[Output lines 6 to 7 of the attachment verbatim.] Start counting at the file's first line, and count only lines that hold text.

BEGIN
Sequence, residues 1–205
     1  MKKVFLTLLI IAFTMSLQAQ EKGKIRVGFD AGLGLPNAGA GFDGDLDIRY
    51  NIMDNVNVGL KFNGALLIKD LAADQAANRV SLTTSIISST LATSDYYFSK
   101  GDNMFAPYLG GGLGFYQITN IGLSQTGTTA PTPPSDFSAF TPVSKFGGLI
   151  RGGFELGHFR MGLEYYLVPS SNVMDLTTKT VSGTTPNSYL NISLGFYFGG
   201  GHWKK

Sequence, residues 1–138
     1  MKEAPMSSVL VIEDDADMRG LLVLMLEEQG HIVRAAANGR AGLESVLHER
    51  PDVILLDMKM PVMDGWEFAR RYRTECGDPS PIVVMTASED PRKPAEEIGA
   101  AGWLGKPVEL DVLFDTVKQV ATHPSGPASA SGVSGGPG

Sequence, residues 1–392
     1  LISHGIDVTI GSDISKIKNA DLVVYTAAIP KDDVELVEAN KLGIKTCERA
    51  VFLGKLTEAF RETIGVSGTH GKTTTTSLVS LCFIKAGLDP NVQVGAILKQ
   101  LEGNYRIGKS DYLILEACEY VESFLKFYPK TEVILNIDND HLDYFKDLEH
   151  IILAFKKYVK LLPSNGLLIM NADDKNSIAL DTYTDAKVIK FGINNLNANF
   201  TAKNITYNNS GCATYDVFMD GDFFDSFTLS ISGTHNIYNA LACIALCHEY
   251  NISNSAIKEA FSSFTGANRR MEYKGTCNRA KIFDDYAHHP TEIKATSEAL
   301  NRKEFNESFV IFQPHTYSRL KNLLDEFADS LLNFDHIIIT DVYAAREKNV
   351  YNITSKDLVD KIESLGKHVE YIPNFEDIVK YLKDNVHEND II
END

   201  GHWKK

Sequence, residues 1–138